Sales Tax/Remote Sales: HB 1427 by Rep. Kyle Hilbert (R-Depew) and Sen. James Leewright (R-Bristow) creates the Out-of-State Tax Collections Enforcement Act of 2017. It states the Tax Commission may establish the Out-of-State Tax Collections Enforcement Division. The Commission may contract with or employ out-of-state auditors. The bill takes effect on November 1, 2017.
Sales Tax/Noncompliance Procedures: HB 2343 by Rep. Leslie Osborn (R-Mustang) and Sen. Kimberly David (R-Porter) amends 68 O.S. Section 1268.3 (A) regarding noncompliant taxpayer “operating under a sales tax permit” who within any consecutive 24 month period, has failed to file two reports or remit tax due for any two (2) months, as required under the provisions of any tax law. The taxpayer shall not be deemed noncompliant for nonpayment of income taxes. Paragraph (B) is amended by broadening current law to include the “provisions of any tax law”. The bill takes effect on July 1, 2017.
Sales Tax/ Vendor Deductions: HB 2367 by Rep. Leslie Osborn (R-Mustang) and Sen. Kimberly David (R-Porter) repeals 68 O.S. Section 1367.1 and 1410.1 removing current deductions from sales and use tax collections respectively. The deduction from taxes due is 1% of tax due (with maximums) for vendors keeping records, filing reports and remitting taxes when due. The bill takes effect on July 1, 2017.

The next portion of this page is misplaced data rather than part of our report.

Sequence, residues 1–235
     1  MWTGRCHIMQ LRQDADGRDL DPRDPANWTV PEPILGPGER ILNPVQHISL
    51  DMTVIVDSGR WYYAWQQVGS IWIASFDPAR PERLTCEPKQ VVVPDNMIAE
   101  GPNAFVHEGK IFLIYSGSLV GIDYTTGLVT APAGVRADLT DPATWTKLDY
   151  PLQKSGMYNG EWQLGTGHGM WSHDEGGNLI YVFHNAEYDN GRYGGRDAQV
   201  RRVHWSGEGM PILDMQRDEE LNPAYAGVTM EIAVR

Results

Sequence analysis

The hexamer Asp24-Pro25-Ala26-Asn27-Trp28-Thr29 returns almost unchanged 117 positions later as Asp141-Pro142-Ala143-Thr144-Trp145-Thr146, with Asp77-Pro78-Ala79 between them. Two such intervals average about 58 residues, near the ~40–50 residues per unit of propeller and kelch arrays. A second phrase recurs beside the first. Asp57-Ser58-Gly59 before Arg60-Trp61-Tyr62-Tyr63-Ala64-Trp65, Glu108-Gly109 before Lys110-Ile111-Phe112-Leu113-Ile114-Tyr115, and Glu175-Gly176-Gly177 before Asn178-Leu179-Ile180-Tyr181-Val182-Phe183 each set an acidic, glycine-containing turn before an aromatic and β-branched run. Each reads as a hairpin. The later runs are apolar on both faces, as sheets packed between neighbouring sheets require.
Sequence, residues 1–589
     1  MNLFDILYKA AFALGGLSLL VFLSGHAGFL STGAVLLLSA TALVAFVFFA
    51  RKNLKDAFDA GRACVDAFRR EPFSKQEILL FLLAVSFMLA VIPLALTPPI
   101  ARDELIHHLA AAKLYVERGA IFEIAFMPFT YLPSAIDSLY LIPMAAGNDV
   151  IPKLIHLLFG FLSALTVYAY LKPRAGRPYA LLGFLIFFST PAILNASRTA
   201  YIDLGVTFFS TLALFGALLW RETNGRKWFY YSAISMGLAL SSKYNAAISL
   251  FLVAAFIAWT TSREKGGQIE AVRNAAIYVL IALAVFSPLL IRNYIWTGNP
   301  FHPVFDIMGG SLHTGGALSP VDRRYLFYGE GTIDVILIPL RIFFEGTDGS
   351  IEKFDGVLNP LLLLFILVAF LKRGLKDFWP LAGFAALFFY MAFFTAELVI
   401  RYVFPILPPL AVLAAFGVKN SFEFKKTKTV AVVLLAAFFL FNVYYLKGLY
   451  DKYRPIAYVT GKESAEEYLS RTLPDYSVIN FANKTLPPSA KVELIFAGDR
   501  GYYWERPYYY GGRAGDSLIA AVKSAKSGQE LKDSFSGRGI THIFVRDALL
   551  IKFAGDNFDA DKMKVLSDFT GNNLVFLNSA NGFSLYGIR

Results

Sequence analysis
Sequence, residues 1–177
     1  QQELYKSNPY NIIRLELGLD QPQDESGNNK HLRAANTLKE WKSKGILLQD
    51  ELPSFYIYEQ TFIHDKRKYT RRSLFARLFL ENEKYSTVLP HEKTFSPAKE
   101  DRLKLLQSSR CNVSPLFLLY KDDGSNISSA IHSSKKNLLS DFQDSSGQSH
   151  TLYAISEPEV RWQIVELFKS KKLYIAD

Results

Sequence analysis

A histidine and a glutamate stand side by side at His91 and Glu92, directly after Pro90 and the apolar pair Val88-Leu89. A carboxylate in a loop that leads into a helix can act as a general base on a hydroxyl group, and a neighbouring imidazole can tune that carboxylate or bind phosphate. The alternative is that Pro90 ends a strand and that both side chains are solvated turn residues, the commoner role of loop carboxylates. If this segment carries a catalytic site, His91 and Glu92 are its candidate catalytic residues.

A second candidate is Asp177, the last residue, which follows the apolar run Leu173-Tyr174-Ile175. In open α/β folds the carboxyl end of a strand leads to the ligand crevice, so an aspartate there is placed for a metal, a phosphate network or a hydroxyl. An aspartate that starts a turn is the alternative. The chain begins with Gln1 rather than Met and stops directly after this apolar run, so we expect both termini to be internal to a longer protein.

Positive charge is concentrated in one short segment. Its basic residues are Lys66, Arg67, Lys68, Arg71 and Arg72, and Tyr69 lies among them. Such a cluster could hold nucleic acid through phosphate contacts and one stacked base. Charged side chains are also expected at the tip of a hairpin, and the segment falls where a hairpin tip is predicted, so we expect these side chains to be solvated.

Agriculture Fees/Municipal Exemption Removal: HB 2392 by Rep. Leslie Osborn (R-Mustang) and Sen. Kimberly David (R-Porter) amends 2 O.S. Section 3-82 regarding license/certification fees for pesticide applications. The measure removes the fee exemption for governmental agencies and increases the annual registration fee from $160 to $210. The bill increases the maximum amount designated for the State Department of Agriculture Unwanted Pesticide Disposal Fund from $100,000 to $300,000. The bill takes effect on November 1, 2017.
Motor Vehicles/Sales Tax: HB 2433 by Rep. Leslie Osborn (R-Mustang) and Sen. Kimberly David (R-Porter) amends various sections of law to enact what appears to be a sales/use tax of 1.25% on the sale of motor vehicles. This is done by amending exceptions in current law. The wording is awkward. Specifically stated: “the sale of motor vehicles shall not be subject to any sales and use taxes levied by cities, counties or other jurisdictions of the state”. Amended is: 68 O.S. Sections 1355, 2106, 1361, 1402 & 1404. The bill went into effect on May 31, 2017.